This greengrocer has it all: there is variety and quality. The vegetables and fruits are sprayed with a cool mist to keep them fresh in the summer heat. The prices are not cheap, but the products warrant it. If your French is not very good, don’t worry, the owner is an English lady who moved to Bordeaux a few decades ago – you’d never guess it from her impeccable French accent.

52 Cours Portal, 33000 Bordeaux

 

macaroon

 

Sweet treat

La Chocolaterie de Bordeaux par David Capy

Since wine and most of the cheese was off the menu for me I have embarked on a search for a sweet treat worth it’s calories. And I have found it, towards the end of our stay, in David Capy’s boutique. There’s plenty of chocolates here, but I was more attracted to the intricate and impeccably presented macaroons calling my name from the display window. I used to work in a two Michelin star restaurant and these macaroons are on par with desserts offered there, except for their bargain price of 5 euros. The quality is not surprising given that the chocolatier holds a prestigious MOF title – Meilleur Ouvrier de France – awarded to only the best chefs and chocolatiers in France. Here’s a great documentary film about the MOF competition, if you would like to know more.

Our phones were dead by the time we’ve found David Capy’s boutique, but if you google his name you will be amazed with delicious images.

7 Rue Michel Montaigne, 33000 Bordeaux – David Capy Facebook page

 

canele de bordeaux

 

Canele de Bordeaux

As I have mentioned I used to work in a two Michelin starred restaurant, a French restaurant to be precise. The chef was from Basque country and as a little gift at the end of the meal she offered a canele to all guests. They are delicious tall pastries with the outside crisp and caramelised and the inside soft, custardy and moist. Not something you could ever make at home, because of the temperatures needed to create this delicious effect. I used to love them, but since I left work after having Little F I haven’t had my fix.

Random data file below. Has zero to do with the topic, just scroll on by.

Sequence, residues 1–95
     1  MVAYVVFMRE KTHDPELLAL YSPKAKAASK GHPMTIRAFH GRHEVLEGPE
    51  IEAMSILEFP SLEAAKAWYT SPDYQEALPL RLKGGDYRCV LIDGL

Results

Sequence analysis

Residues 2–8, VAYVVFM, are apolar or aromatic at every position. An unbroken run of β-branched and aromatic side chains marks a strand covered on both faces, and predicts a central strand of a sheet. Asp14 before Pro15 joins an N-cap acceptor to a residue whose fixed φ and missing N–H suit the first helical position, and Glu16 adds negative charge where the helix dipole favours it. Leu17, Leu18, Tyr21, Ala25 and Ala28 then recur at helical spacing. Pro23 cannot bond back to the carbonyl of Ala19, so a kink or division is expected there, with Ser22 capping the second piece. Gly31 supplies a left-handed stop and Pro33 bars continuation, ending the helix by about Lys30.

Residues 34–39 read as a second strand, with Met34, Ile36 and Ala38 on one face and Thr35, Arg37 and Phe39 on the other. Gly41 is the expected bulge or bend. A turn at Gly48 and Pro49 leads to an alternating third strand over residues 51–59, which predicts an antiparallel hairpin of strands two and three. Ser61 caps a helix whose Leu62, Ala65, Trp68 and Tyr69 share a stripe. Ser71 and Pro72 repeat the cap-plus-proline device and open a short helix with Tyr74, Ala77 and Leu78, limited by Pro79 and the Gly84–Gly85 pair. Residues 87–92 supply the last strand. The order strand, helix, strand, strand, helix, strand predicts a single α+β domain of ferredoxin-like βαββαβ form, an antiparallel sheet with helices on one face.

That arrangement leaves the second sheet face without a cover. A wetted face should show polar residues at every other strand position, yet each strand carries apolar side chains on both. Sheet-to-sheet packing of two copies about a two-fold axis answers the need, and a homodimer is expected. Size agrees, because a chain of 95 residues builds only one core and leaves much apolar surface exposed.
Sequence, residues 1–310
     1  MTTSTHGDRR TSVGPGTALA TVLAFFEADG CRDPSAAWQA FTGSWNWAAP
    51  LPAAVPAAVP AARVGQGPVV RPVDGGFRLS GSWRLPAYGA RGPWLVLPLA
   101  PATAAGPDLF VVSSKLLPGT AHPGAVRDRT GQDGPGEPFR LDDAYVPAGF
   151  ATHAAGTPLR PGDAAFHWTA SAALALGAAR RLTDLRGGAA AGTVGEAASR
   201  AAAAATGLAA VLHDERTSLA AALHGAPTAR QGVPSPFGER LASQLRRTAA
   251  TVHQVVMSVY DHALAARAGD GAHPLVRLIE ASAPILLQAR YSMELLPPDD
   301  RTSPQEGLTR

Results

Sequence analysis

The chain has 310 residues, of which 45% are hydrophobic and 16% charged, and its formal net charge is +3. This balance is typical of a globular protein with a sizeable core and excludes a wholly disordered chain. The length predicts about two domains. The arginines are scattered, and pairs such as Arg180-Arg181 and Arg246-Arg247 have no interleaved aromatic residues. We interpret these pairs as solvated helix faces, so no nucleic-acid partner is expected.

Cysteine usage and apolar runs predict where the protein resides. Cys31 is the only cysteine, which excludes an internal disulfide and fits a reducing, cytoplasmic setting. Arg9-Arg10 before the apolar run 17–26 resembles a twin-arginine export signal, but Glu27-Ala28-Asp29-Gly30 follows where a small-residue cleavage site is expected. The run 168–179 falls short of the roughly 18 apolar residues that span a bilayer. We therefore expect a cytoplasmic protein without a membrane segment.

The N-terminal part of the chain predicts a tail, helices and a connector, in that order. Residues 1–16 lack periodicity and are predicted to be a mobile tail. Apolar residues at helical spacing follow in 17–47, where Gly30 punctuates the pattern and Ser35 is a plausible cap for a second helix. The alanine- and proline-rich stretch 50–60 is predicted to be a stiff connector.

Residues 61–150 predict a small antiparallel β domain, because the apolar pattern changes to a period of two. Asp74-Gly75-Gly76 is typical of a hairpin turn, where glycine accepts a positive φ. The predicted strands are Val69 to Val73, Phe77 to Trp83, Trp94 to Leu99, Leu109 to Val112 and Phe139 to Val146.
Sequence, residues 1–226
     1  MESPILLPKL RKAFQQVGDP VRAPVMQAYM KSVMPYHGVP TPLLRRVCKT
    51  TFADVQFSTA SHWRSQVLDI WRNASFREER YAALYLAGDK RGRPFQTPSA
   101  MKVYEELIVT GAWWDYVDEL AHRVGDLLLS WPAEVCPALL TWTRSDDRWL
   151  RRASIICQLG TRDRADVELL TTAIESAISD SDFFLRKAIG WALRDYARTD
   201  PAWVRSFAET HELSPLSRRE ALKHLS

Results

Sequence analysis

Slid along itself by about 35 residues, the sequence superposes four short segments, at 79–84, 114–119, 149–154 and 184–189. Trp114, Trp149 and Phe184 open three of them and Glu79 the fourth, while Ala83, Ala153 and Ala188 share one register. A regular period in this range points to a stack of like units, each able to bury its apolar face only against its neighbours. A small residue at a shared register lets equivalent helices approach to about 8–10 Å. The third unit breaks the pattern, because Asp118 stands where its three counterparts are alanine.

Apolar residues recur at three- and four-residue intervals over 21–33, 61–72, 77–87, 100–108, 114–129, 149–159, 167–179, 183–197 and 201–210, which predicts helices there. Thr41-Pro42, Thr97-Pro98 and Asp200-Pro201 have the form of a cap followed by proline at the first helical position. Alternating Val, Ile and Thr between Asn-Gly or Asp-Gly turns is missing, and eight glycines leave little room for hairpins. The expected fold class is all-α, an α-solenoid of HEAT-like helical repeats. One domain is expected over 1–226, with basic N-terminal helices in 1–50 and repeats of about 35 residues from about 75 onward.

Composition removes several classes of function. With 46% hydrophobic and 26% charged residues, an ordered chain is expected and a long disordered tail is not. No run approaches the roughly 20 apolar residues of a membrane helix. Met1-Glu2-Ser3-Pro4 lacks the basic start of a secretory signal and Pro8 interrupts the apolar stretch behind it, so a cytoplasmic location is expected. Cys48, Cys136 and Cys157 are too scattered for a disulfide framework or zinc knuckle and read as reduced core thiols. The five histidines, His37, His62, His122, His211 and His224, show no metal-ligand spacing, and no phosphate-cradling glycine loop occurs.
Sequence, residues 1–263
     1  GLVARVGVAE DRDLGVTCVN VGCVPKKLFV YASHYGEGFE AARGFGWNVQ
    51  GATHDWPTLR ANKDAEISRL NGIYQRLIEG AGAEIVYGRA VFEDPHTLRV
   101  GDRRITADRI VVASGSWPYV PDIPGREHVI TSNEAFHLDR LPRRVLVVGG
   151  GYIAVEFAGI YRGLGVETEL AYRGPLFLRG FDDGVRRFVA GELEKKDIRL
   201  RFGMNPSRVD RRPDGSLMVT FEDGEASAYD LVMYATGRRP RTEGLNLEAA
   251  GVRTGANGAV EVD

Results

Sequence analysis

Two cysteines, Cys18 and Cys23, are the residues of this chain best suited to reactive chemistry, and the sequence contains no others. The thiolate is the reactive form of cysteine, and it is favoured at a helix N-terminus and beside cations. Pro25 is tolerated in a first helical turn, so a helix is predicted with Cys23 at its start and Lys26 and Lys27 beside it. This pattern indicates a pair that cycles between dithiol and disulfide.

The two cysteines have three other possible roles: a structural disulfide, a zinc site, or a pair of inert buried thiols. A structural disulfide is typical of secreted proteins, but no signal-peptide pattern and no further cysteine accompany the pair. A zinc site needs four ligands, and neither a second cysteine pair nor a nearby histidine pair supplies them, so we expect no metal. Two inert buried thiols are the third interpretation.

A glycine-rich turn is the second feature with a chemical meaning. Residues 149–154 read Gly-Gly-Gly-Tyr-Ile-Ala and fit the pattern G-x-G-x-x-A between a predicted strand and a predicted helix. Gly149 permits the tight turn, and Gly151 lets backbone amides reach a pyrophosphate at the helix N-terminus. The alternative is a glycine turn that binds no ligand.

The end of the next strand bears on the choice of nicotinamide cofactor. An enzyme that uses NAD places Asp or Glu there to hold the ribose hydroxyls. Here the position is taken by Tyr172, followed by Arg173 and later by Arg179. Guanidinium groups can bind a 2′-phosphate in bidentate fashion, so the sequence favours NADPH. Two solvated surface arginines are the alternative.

I didn’t realise that caneles actually originate in Bordeaux. When I found this out I’ve done some good research before we left London to find the best caneles patisserie – the only research I have done before this trip. Everything seemed to point to Baillardan chain.  I was eagerly looking out for their shops from the moment we landed  – they have one at the airport.

 

I’ve tried caneles in many places while in Bordeaux, including Baillardan, and unfortunately I was disappointed. They were not the same as the ones I luxuriated in at work. I guess the local recipe is different to my ex-chef’s variation. My husband, who is not skewed by previous over-exposure, does confirm that Baillardan is the best.

 

It’s worth trying caneles from different patisseries to find your favourite.

 

Vegetarian fare

Since we sometimes eat fish and seafood we did not research vegetarian restaurants. We were expecting to be able to find a light salad – it is a hot country after all – or a seafood bar (Bordeaux is a large port city). We were disappointed to find that strictly vegetarian food was not easy to find in cafes and restaurants, and when it came to fish the only option was salmon (smoked or fresh). Our culinary search was not helped by the Bastille day and most of restaurants being closed for 3 days. Since we lost our research power by the end of the first day, with the phone batteries going dead, we couldn’t even search for recommendations.

 

Even if we did have a chance to do research on vegetarian places to eat we would have been disappointed. The trusty TripAdvisor lists only 14, out of 1755 registered Bordeaux restaurants in total.

 

To Summarise

Bordeaux is not a place for a relaxing holiday if you are a pregnant vegetarian with a toddler in tow. I would however love to come back for an adult only romantic break to enjoy the wine, cheese and good (stable) weather.

 

Don’ts

arrive on or near the Bastille Day (14th July)

let your toddler skip naps

forget your phone charger or English plug – these are impossible to get here

assume shops are open all day – like in all southern nations siesta is sacred here

Dos

do make sure your toddler sleeps (and you too if you are pregnant) – any parent with a tired child will understand while I repeat this twice

do take mosquito repellent and sun screen

do take swimming nappies for Miroir d’Eau (it’s not fun running around with a heavy, hugely inflated standard nappy)

visit Arcachon beach resort – or better still stay there and come to Bordeaux for a day trip

 

I’d love to hear from you if you have been to Bordeaux and have any good veggie haunts to recommend.